No court 'for some serious crimes', FOI request shows
- 6 November 2011
- From the section England
Offenders behind serious crimes such as sex assault and use of indecent images of children were punished without going to court, police figures show.
The figures were given to a Shropshire magistrate after the official submitted a Freedom of Information request to West Mercia Police.
A West Mercia spokesman said the force dealt with half of all crimes out of court last year.
He said non-court punishments were only used for low-level offences.
However, the FOI figures obtained by the magistrate - who did not want to be identified - showed some serious crimes were also dealt with out of court.
Cases that do not go to court are not recorded on a national database.
Supt Steve Cullen, from the force told BBC West Midlands Politics Show: "It would be exceptional for those type of cases, the more serious end of cases, not to go to court if we believed the evidence is there to do so.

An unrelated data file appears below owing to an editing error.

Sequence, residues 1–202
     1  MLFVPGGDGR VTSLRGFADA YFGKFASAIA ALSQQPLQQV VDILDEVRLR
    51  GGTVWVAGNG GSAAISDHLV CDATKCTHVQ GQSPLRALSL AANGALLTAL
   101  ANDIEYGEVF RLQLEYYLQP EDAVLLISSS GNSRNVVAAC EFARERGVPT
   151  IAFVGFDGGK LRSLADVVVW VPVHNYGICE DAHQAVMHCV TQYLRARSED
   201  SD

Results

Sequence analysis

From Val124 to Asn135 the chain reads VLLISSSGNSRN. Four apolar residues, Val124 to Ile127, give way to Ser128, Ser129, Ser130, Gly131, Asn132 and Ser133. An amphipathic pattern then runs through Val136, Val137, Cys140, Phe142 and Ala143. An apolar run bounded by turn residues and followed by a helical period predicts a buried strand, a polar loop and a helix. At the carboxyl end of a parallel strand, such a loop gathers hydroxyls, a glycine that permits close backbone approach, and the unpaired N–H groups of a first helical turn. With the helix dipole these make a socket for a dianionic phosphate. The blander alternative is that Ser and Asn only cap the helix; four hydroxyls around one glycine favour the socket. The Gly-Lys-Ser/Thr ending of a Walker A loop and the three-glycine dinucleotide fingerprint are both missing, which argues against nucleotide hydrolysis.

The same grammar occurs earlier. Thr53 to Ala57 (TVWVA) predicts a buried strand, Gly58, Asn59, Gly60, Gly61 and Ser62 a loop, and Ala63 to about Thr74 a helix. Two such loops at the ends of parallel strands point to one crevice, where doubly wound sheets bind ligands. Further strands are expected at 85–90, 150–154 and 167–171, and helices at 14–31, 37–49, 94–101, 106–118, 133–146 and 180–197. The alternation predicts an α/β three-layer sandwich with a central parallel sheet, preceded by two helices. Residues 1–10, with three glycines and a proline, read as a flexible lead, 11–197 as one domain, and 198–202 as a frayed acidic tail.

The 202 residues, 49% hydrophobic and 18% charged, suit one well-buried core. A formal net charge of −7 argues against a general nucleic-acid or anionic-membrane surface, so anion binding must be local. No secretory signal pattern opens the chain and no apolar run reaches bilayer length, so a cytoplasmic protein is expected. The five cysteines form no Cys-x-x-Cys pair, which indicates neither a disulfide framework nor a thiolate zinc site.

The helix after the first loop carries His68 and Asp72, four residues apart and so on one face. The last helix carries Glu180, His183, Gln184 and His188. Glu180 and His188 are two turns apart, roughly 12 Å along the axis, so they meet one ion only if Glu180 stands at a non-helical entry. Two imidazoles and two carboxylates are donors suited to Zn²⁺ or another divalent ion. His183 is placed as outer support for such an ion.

"There will be some occasions where actually those have been dealt with outside of the court process with the clear consent of the victim, with the defendant admitting the crime and with the senior oversight of a senior officer and with someone from the CPS."
Latest figures from the Ministry of Justice showed that the West Midlands, West Mercia and Warwickshire forces each dealt with over a third of offences by themselves in 2009.
Nationwide research by the Magistrates' Association showed offences including child abuse, "child pornography" and other offences "like that" were either dealt with by cautions or penalty notices for disorder.
John Thornhill, of the association, said: "They (police forces) are stepping over into dealing with matters and offences which should properly be dealt within the justice systems within a court of law."
Solicitor John McMillan, who has been dealing with cases in the West Mercia area for 40 years, said police were dealing with more crimes out of court to save money.
"It's a cheap and cheerful way of dealing with things, sweeping them under the carpet, that's what it's doing," he said.
"It's just getting crime, lifting up the carpet and shoving it under and saying it hasn't really happened - the public don't know about it, 'haven't we done well'."